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1 p.m. ET -- Tuesday, March 22, 2005
Terri Schiavo Case: "Err on the Side of Life"
President Bush stated yesterday regarding Terri Schiavo: "This is a complex case with serious issues but, in extraordinary circumstances like this, it is always wise to err on the side of life."
JEAN KILBOURNE, JKilbourne@aol.com, http://www.jeankilbourne.com
The AP recently reported: "The Schiavos' lawyer said her 1990 collapse was caused by a potassium imbalance brought on by an eating disorder. It is a cruel twist lost on no one close to the case: A woman who is said to have struggled with an eating disorder is now in the middle of a court battle over whether her feeding tube should be removed so that she can starve to death." [See: "Schiavo Case Highlights Eating Disorders, USA Today, Feb. 25, 2005,
Kilbourne is author of the book "Can't Buy My Love: How Advertising Changes the Way We Think and Feel," and creator of the "Killing Us Softly: Advertising's Image of Women" film series. She said today: "Congress holds a special session, Bush jets back to Washington from vacation, the case might go all the way to the Supreme Court. Imagine if all this energy and media attention focused instead on the self-loathing and hatred of their own bodies that our culture generates in women and the rampant eating disorders that often result. Now that might save the lives of many young women for whom it is not too late."
Dr. QUENTIN YOUNG, firstname.lastname@example.org, http://www.pnhp.org
National coordinator of Physicians for a National Health Program, Young has chaired the Department of Medicine at Chicago's Cook County Hospital. He said today: "It is stunning how little regard this president has for human life. His interest seems to extend to only one tragic brain-damaged woman. The U.S. is the only industrialized country to lack health care coverage for all citizens. Over 18,000 Americans perish every year because they lack health insurance. A lack of health insurance increases the chances a 55-year-old will die before they turn 64 by 40 percent. If the president wanted to save lives he would call for an emergency session to make Congress vote to extend Medicare to every American."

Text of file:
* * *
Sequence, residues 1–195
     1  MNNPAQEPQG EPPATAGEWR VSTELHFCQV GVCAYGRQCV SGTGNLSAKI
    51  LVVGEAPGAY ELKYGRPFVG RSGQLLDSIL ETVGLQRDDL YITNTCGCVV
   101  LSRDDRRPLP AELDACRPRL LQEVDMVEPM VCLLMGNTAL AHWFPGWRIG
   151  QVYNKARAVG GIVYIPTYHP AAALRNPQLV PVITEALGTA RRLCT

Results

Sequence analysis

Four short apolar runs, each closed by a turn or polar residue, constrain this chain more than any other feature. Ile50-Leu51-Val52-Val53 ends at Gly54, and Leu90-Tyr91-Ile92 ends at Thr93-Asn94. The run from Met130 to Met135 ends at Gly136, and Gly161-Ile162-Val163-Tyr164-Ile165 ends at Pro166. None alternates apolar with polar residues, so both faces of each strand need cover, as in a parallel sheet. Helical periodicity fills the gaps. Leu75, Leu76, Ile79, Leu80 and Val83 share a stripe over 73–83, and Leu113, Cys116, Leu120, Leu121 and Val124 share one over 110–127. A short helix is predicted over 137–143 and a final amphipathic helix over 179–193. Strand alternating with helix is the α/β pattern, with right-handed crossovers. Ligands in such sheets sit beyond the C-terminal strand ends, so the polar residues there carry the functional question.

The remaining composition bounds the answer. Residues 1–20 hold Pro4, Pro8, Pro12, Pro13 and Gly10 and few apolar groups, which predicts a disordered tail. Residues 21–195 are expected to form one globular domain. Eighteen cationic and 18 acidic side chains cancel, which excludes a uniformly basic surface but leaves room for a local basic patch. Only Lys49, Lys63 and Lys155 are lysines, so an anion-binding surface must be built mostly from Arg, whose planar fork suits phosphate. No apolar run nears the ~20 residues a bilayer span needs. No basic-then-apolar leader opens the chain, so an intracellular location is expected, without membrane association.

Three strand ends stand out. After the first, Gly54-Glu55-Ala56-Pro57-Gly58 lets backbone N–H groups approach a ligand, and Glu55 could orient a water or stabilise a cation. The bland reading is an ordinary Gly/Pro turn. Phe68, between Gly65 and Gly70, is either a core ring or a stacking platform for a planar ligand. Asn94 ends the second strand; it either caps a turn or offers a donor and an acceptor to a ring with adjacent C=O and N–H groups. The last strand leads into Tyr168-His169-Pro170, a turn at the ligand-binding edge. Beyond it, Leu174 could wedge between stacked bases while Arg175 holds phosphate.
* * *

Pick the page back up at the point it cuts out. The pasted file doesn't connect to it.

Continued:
Rev. G. SIMON HARAK, email@example.com, http://www.warresisters.org
A Jesuit priest and author of the books "Virtuous Passions" and "Nonviolence for the Third Millennium," Harak is anti-militarism coordinator of the War Resisters League. He said today: "One of the first things we learn is that the more universal your ethical principles are, the more moral force they have. I hear of Bush's flying back to D.C. to sign the Schiavo bill, and I think of him flying back from his first presidential campaign to sign the death warrants of Texas prisoners. I think of Bush signing a bill in Texas to cut off funds for life support for people who want their children to live, but can't afford it. I hear of the government's concern for this individual, tragic case, and I think of the hundreds of thousands of Iraqi children whom we diseased and starved to death during sanctions, and now the hundred thousand more Iraqis who have died in this invasion and occupation. How universal, how convincing, is the concern?"
See "Counting the Iraqi Dead" from FAIR at:
See "McClellan Lies About Bush's 'Pull the Plug' Law" from Daily Kos:
For more information, contact at the Institute for Public Accuracy:
Sam Husseini, (202) 347-0020; or David Zupan, (541) 484-9167